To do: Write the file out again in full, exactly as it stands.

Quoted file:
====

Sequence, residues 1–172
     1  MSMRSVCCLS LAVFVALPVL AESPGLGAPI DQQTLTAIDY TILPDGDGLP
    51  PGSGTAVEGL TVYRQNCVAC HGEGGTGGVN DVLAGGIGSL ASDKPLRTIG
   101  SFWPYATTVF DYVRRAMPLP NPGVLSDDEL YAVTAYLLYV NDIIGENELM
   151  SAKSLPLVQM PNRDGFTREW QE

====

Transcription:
Sequence, residues 1–172
     1  MSMRSVCCLS LAVFVALPVL AESPGLGAPI DQQTLTAIDY TILPDGDGLP
    51  PGSGTAVEGL TVYRQNCVAC HGEGGTGGVN DVLAGGIGSL ASDKPLRTIG
   101  SFWPYATTVF DYVRRAMPLP NPGVLSDDEL YAVTAYLLYV NDIIGENELM
   151  SAKSLPLVQM PNRDGFTREW QE